The South Pacific Star Party in 2009 (SPSP17)

On the weekend of the 22nd – 24th May, the South Pacific Star Party (SPSP) was held at Wiruna, Ilford, about 3 hours drive West of Sydney. The SPSP is hosted by the Astronomical Society of NSW (ASNSW), and is Australia’s biggest star party and usually attracts up to 300 people from all over Australia and some from overseas, to enjoy the beautiful dark skies and great company that the SPSP has to offer.

This weekend was the 17th SPSP, and my 5th. In 2005 I attended my first SPSP and I’ve been hooked ever since. The beautiful skies and the chance to catch up with friends that you might only see once or twice a year, is well worth the trip.

Continue on to read more about this year’s SPSP – the bad weather, the great company and the results from the Astro Imaging Competition.

I left on Friday morning around 8am and arrived about 12pm. It was a harrowing drive over the Blue Mountains – windy, heavy rain, fog, low visibility. The rain cleared by the time I arrived, but found that wind was the theme of this years SPSP.

A Low pressure system on the mid-North Coast, and a High down off Tasmania resulted in very strong Easterly winds buffeting us as we sat right between the 2 systems. Although May is always going to be cold at Ilford, the wind chill really put an icey feel in the air and staying warm became my main priority, as it was pretty clear there was not going to be any observing this weekend.

The bad weather simply meant more socialising, and with good friends Rod, John and Anna, Roger, Geoff, David and Alan we spent much of Friday huddled around the camp fire feeding it more timber and trying to keep warm. Friday night was spent with Rod, John and Anna eating a lovely Guiness Stew, looking at Hubble pictures and watching youtube videos of STS-125 in John and Anna’s caravan. After a long drive, cold weather and no chance of observing, we went to bed quite early but it was a pretty sleepless night as strong gusty winds roared up through the camping fields. It sounded like someone had a hairdryer on outside the tent, all night long.

Saturday morning started with our traditional trip to Rylestone for a big breakfast, with John, Anna, Rod and Roger. We got back at about 11:30am, enough time for Rod to buy a 31mm Nagler and John and Anna to buy a 17mm Ethos at the vendor stalls! 🙂

The Astro Imaging Competition format was tweaked again this year. This time there were 5 categories – Widefield, Solar System, Fixed Equipment (home observatory), Mobile Equipment (setup/pull-down each time) and Image Processing.

I was fortunate and pleased to take out the Solar System category with my Jupiter and Callisto shot from May 2008.

Jupiter with Callisto in Transit

Jupiter with Callisto in Transit

Richard Higby took out 2nd with a shot of Comet Lulin.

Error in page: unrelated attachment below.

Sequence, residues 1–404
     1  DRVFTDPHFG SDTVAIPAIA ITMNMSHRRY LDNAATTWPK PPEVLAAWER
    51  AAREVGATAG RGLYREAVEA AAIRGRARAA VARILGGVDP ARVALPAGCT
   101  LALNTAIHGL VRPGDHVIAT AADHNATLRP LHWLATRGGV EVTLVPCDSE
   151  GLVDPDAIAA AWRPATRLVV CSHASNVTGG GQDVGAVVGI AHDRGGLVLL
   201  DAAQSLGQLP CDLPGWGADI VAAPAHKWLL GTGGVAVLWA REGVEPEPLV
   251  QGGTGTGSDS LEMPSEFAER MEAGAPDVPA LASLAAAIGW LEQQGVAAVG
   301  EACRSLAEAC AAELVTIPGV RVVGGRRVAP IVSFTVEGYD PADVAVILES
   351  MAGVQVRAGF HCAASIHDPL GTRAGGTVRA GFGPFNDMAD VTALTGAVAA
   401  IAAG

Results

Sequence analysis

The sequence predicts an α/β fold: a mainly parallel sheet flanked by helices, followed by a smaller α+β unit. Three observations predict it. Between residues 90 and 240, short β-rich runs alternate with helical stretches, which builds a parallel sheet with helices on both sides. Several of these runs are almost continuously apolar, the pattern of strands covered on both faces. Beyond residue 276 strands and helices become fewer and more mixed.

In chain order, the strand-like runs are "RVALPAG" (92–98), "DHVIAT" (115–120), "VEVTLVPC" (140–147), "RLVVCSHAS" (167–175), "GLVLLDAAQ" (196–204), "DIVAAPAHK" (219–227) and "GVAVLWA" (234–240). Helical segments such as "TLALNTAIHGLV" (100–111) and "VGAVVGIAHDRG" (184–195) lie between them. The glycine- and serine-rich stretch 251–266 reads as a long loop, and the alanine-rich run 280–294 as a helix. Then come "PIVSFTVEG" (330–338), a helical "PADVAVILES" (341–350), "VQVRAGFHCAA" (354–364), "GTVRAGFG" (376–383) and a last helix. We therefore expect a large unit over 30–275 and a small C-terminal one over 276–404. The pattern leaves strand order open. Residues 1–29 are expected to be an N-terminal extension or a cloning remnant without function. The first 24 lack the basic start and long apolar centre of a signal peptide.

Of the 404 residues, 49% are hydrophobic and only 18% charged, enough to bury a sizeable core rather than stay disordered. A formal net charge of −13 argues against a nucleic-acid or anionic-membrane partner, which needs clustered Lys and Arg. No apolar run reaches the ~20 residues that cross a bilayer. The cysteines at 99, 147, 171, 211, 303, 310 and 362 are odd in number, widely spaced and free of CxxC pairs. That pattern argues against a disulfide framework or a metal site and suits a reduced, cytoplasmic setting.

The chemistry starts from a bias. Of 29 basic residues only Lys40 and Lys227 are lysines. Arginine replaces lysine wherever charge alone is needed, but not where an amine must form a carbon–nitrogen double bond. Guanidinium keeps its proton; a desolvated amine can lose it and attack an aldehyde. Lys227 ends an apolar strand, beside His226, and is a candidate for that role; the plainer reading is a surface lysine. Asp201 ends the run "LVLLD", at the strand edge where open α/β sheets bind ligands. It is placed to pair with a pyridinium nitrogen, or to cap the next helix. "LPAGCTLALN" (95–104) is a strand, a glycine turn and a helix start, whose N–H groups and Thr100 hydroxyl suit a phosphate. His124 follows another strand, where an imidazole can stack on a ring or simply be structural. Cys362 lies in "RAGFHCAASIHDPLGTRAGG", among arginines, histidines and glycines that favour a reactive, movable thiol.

Fred Vanderhaven swept the Fixed Equipment category, taking it out with his brilliant starless Lagoon in Narrowband, and his unique Bug Nebula image was the runner-up. 

M8 Lagoon Nebula in Colour Mapped Narrowband

M8 Lagoon Nebula in Narrowband by Fred Vanderhaven

In the Widefield category, a beautiful star trails shot with an observatory in the foreground won, with my Smiley Face Conjunction shot taking out 2nd place.

The Image Processing category, while a great idea, was unfortunately not well represented this year, with Marcus Davies being the only entrant. I’m sure there’ll be more next year!

In the Mobile Equipment category, Mike Sidonio’s brilliant Centaurus A Deep Field was 2nd place, with an M104 by Richard Higby taking out 1st place. I’m sure Mike was a little disappointed, and he definitely deserved to win the category (taking nothing away from Richard), but Mike had entered 3 brilliant images and i’m sure it split people’s votes between his images, so no single image stood out enough.

The lucky door prize draw went quite smoothly, and interestingly about 75% of the winners were children. I’m not sure on the reasoning for having a separate kids draw, and then putting the kids tickets in the open draw as well – most of the winners in the open draw were also children. I reckon it’s great to have a kids draw, hopefully it can spark a lifelong love of astronomy – just not sure why they need to get double the chances by being entered in both draws. 

The Saturday roast was very nice, and after eating the lovely meal I decided it was time to head home. It was evident that the weather wasn’t going to improve and with no chance of any observing, the thought of sleeping in my own warm bed and having a nice warm shower in the morning was too good to pass up. Although I would’ve liked to stay around for more socialising on Saturday night, it sure was nice to be home after a very cold, very windy 2 days at Wiruna.

Even though the weather didn’t co-operate, it was great to see friends again. Well done to the ASNSW and the SPSP organising committee for a very well run star party. It’s improving every year and I already can’t wait for next year. It’s planned to be in May again – very cold as usual but hopefully no wind and no cloud next time!

Thanks for reading.

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